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Asiento asignado por el Registro Nacional de Asociaciones Español: Grupo 1º, Sección 1ª, Numero 600121 - NIF: G76556646 ...

Arkansas Drugged Driving

In Arkansas, a person is guilty of a DUI if they are intoxicated and operate a motor vehicle. Ark. Code. Ann. § 5-65-103(a) (West 2010). "Intoxication" includes being influenced by the ingestion of a controlled substance to such a degree that the driver's reactions, motor skills, and judgment are substantially altered. Id. § 5-65-102(b)(2).

Affirmative Defense

The fact that a person is or has been entitled to use a drug or controlled substance under the laws of this state does not constitute a defense. Id. § 5-65-102(B).

Implied Consent

  • Any person who operates a motor vehicle in the state of Arkansas is deemed to have given consent to one or more chemical tests of his or her breath or blood. Id. § 5-65-202.

  • If a person under arrest refuses to submit to a chemical test, no chemical test shall be given, and the person's driver's license shall be seized by the officer and suspended for 180 days. Id. §§ 5-65-205(a)-(b).

  • Under implied consent statute, defendant has no right to consult with an attorney before taking, or refusing to take, test. Wright v. State, 703 S.W.2d 850 (1986).

  • If the person tested requests that additional chemical test or chemical tests be made the cost of the additional chemical test or chemical tests shall be borne by the person tested, unless the person is found not guilty in which case the arresting law enforcement agency shall reimburse the person for the cost of the additional chemical test or chemical tests. Id. § 5-65-203(2).

  • Refusal to be tested for blood-alcohol content is admissible evidence on the issue of intoxication and may imply defendant's consciousness of guilt. Blair v. State, 288 S.W.3d 713 (2008).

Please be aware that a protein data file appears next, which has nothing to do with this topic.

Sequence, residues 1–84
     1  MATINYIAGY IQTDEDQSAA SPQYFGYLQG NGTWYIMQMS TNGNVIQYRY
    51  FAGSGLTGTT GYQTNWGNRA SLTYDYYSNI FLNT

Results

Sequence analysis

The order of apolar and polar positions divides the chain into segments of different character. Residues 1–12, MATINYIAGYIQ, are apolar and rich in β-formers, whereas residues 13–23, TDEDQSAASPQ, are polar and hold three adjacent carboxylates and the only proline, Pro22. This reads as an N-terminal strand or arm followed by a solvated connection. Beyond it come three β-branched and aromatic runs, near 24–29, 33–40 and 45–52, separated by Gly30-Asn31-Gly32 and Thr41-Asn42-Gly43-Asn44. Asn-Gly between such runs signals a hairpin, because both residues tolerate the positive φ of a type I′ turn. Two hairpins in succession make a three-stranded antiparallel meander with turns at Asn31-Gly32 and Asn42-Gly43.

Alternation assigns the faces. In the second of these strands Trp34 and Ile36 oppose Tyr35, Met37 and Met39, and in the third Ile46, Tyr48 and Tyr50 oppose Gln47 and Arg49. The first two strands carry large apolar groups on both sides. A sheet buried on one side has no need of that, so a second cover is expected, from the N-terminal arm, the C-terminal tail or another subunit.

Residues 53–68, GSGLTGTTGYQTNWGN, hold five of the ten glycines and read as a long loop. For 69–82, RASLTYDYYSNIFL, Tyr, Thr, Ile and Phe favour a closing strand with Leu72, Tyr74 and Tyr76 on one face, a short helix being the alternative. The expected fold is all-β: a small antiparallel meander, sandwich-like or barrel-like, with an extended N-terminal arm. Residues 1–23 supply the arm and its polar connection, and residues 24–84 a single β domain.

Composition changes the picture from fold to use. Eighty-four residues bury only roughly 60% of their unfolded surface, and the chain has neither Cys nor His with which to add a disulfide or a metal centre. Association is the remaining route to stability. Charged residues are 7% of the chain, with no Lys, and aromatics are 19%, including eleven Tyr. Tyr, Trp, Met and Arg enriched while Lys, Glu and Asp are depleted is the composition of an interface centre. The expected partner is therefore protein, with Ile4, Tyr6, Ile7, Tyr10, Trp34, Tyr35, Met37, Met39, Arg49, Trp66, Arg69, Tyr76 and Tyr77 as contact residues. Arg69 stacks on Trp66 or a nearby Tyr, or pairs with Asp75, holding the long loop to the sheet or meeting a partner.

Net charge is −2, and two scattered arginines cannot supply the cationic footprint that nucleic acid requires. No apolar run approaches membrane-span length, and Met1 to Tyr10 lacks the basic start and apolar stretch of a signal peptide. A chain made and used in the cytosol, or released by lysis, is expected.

Penalties

  • First offense - jail time of 24 hours up to a maximum of 1-year (potential public service in lieu of jail time); fine of $150 with a maximum fine of $1,000; license suspension for 120 days. Ark. Code. Ann. § 5-65-111(a)(1)(A)-(B) (West 2010); Id. §5-65-112(1).

  • Second offense - minimum of 7 days in jail, up to 1-year (potential 30 days of community service in lieu of jail time); fine of $400 to $3,000 dollars; license suspension for 24 months. Id. § 5-65-111(b)(1)(A); Id. §5-65-112(2).

  • Third offense (w/i 5 years) - minimum of 90 days in jail, up to a maximum of 1-year (the court may order a minimum of 90 days of community service in lieu of jail time); fine of $900 up to $5,000; license suspension for 30 months. Id. § 5-65-111(b)(2)(A); Id. §5-65-112(3).

  • Fourth offense (w/i 5 years) felony – incarceration of a minimum of 1-year up to a maximum of 6 years (possible minimum of 1-year of community service in lieu of jail); fine of $900 to $5,000; license revocation for 4 years; state may also order the defendant's vehicle to be seized. Id. § 5-65-111(b)(3)(A); Id. §5-65-112(3).

  • Fifth or subsequent offense (w/i 5 years) felony imprisonment for at least two years but no more than ten years (possible community service in lieu of imprisonment); fine of $900 to $5,000. Id. § 5-65-111(b)(4)(A)(i); Id. §5-65-112(3).

Other Penalties & Penalty Enhancers

  • DUI with a passenger under 16 is in the vehicle (unless within 2 years of the driver's age) enhances penalty. Id. § 5-65-111 (a)(2)(A).

  • Multiple offences can lead to vehicle forfeiture and sale. Id. § 5-65-117.

Sobriety Checkpoints